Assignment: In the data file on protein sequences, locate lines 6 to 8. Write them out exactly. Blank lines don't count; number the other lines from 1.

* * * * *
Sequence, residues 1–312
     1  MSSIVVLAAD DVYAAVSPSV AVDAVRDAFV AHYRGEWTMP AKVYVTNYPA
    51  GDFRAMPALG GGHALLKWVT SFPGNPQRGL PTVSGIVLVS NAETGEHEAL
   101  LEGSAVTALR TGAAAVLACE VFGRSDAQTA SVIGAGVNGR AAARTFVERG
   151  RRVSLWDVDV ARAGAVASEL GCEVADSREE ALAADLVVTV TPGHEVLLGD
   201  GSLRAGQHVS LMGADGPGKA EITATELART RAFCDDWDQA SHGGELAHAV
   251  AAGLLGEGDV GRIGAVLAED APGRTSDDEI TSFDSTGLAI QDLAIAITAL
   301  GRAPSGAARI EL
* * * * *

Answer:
   201  GSLRAGQHVS LMGADGPGKA EITATELART RAFCDDWDQA SHGGELAHAV
   251  AAGLLGEGDV GRIGAVLAED APGRTSDDEI TSFDSTGLAI QDLAIAITAL
   301  GRAPSGAARI EL